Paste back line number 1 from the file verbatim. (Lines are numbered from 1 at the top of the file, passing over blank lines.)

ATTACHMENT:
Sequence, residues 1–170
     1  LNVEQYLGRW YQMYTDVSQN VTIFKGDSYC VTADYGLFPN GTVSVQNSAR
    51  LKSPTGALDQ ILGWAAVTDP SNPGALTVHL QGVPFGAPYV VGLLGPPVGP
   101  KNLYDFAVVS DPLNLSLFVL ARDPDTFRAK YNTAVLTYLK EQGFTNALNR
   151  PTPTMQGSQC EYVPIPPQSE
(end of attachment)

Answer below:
Sequence, residues 1–170